William Alexander Anderson “Bigfoot” Wallace was on an expedition that traveled through the eastern side of Comanche County in October 1837 in what may have been the first visit by a group of anglos to the De Leon area. Excerpts from his diary from October 20 through October 22 are repeated here.
Wallace was born in Lexington, Rockbridge County, Virginia in 1816. His brother along with his cousin Major Benjamin C. Wallace were killed at the Goliad Massacre and he came to Texas soon after the Battle of San Jacinto. He was one of the members of the Mier Expedition, and fought in the Mexican War where he participated in the storming of Monterrey. He had command of a Ranging Company and carried mail from San Antonio to El Paso. He died in 1897 and was ultimately buried in the State Cemetery. He was related to Lew Wallace, author of The Robe.
For additional information on Wallace click here.
The Adventures of Big Foot Wallace–The Texas Ranger and Hunter
by John C. Duval
Note: Some people consider Duval’s work entirely fiction or at least not always factual. Some historians indicate Wallace arrived in Texas in 1836, others believe he did not arrive in Texas until November 1837, a month after the events in this purported diary. One reader pointed out that Wallace was not a man who kept diaries. In reading this, it appears that the author knew the geography of the Comanche County region very well. You will have to be the judge of its authenticity.
Wallace’s Journal P. 13 October 20, 1837
“We took our course again, which was about due north and, crossing a range of mountains at a place called “Walkers Pass” we traveled over a rough broken country to the South Leon Creek, a distance, I suppose of 15 or 16 miles, where we “nooned.” We saw some fresh buffalo signs on the way and our old hunters began to whet their bills for fat steaks, marrow-bones, and “humps,” but as yet we have seen none of the animals.
We found the grass very fine on the bottoms of this creek, and have concluded to lay over until tomorrow, and give our horses a chance to recruit, as they have had but poor grazing for the last 48 hours.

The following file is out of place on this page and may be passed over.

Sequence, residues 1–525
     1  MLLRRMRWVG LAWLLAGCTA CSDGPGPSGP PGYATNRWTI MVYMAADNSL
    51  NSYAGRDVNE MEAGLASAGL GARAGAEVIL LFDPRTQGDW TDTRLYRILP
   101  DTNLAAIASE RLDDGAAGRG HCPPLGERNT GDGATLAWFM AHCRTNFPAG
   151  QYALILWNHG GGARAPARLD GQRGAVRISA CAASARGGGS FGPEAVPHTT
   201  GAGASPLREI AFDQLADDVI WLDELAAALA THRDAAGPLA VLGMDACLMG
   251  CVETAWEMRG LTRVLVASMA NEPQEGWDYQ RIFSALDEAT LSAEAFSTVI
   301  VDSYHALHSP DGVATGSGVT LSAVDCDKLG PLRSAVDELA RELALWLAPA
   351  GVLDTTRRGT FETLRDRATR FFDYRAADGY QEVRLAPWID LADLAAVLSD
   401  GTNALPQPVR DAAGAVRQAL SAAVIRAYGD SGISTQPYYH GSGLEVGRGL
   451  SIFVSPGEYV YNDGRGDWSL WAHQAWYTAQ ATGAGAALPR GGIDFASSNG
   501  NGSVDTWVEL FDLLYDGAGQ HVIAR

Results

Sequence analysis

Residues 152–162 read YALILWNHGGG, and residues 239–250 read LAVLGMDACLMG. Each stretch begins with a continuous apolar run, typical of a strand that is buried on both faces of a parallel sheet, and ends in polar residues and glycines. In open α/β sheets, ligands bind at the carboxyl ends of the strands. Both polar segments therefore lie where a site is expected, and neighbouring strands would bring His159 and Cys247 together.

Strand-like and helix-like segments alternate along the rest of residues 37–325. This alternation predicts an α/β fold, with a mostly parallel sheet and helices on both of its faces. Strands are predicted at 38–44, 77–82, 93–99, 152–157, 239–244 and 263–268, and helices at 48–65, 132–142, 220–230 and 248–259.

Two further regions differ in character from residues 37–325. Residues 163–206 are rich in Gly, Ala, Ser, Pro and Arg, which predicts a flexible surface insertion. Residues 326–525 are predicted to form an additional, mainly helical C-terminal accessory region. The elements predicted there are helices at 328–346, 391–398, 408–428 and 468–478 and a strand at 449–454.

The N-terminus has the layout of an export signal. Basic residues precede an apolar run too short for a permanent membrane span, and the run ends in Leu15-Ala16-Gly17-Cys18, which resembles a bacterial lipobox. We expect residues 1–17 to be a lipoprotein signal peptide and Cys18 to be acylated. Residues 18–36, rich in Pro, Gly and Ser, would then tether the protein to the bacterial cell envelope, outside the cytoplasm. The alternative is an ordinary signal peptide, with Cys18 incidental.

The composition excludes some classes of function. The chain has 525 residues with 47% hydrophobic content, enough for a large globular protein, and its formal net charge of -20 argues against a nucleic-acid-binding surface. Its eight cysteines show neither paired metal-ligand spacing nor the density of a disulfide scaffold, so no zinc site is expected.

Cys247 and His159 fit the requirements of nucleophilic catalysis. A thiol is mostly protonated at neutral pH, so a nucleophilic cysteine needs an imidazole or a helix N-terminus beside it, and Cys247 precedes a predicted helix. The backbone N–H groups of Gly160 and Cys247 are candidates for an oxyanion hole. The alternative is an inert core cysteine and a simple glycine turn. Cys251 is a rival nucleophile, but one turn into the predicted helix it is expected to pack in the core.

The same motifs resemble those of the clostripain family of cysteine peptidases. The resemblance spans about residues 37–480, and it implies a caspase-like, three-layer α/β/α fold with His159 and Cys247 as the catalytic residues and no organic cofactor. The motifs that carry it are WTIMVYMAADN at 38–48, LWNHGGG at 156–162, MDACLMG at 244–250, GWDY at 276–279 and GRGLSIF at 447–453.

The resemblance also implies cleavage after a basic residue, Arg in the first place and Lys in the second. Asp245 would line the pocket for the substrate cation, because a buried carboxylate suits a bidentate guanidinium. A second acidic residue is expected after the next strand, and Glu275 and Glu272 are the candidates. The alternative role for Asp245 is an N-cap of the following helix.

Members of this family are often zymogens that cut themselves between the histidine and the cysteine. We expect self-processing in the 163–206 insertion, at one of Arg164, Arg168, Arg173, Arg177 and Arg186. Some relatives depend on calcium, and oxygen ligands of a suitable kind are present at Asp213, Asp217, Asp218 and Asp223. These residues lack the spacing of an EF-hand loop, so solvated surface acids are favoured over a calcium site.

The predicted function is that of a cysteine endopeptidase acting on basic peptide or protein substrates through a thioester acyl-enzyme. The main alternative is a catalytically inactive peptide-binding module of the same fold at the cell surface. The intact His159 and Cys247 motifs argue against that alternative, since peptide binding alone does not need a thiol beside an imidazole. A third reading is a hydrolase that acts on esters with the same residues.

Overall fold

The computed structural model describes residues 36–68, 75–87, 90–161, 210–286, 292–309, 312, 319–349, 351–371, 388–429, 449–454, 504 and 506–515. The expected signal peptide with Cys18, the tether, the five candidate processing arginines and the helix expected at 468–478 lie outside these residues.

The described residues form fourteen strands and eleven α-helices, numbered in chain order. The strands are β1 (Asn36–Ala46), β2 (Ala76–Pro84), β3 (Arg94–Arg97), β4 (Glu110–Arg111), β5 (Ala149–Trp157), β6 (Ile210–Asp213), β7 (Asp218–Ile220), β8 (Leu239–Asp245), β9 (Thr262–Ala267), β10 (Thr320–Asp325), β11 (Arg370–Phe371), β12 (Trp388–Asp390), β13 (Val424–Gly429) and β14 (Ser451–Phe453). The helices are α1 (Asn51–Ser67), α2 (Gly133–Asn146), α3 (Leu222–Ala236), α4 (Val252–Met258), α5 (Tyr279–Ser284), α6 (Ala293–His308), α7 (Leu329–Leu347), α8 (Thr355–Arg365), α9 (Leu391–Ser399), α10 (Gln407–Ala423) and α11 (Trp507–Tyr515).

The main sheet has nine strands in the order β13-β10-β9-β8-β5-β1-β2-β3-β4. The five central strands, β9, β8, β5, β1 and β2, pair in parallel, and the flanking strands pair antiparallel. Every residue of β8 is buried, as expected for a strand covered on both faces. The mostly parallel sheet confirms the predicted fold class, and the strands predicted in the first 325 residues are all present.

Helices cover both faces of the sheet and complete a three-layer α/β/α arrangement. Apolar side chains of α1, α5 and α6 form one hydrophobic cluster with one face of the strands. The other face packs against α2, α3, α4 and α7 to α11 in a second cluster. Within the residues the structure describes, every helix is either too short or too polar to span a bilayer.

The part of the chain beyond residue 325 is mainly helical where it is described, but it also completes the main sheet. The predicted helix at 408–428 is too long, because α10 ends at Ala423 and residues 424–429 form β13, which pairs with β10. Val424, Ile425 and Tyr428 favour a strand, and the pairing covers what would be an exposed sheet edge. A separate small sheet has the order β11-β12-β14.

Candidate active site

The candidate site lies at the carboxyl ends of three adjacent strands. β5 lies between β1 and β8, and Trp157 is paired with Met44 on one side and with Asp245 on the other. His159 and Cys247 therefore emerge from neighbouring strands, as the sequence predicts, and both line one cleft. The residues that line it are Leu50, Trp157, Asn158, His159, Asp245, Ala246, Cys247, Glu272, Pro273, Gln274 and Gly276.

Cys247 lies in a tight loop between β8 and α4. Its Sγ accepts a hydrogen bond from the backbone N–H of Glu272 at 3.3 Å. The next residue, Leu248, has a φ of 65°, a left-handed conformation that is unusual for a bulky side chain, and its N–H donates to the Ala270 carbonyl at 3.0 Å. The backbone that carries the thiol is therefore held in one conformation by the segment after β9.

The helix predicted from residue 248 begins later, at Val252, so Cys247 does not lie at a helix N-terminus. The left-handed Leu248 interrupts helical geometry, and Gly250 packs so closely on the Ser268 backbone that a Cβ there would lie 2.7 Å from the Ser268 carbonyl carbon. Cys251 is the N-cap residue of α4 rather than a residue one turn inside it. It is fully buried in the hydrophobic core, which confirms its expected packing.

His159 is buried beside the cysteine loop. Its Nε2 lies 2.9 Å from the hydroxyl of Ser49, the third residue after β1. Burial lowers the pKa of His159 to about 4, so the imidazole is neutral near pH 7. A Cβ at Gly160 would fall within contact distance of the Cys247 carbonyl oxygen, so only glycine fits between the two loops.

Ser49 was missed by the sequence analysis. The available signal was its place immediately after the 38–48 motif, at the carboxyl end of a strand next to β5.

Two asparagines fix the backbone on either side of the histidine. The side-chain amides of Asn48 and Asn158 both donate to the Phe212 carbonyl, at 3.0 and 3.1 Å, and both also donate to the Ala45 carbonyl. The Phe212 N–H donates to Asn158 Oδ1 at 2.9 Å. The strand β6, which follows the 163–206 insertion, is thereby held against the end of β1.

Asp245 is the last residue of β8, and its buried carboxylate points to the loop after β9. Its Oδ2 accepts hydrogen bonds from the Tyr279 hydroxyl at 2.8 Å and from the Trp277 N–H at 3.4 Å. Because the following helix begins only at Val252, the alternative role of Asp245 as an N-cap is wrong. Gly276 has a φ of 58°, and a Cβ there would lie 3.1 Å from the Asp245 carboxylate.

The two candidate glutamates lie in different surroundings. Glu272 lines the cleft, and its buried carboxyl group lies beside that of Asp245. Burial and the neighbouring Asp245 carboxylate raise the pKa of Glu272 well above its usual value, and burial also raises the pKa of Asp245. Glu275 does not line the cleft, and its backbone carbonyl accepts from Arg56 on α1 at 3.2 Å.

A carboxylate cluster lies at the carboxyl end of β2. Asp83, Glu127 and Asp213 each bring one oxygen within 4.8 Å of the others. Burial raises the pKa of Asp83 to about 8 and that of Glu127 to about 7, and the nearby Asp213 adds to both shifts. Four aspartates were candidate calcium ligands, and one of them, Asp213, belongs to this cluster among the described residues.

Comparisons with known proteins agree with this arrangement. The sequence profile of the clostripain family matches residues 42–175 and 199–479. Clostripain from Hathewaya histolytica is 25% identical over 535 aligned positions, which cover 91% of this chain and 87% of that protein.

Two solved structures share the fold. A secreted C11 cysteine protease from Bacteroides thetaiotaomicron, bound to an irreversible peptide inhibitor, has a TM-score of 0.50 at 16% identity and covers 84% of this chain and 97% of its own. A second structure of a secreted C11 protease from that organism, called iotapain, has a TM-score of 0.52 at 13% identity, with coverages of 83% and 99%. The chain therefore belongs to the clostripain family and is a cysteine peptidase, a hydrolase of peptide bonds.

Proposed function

We had been in camp but a little while, when one of the boys found a “bee tree” which we cut down, and took from it at least five gallons of honey.
In the evening I went out hunting, but saw no game to shoot at. On my way back to camp I stopped to rest for a few minuets (sic) in a little canon (sic) that lay between two rocky hills covered with thick chaparral. After a while, my attention was attracted by a noise in the bushes and looking around I saw a large bear coming directly towards me. I sat perfectly still, and he did not notice me, but came slowly along, now and then stopping to turn over a stick or rock, in search, I suppose, of insects.
When within twenty feet of me I took sight of his fore-shoulders and fired, and he fell dead in this tracks. This was my first bear. He was very fat and would have weighted, I suppose, three hundred pounds. I went back to camp, which was not more than half a mile off, and returning with two of the men to assist me, we butchered him and packing the meat on a horse, we soon had some of it roasting before our fires. What a feast we had that night on “bear-meat and Honey!” If the mess of pottage that Esau sold his birthright for was as good as bear meat and honey, and he had a good appetite, I believe the poor fellow was excusable.
In the night we saw a long line of light to the westward of us, and supposed the Indians had fired the prairie. The night was pleasant and warm.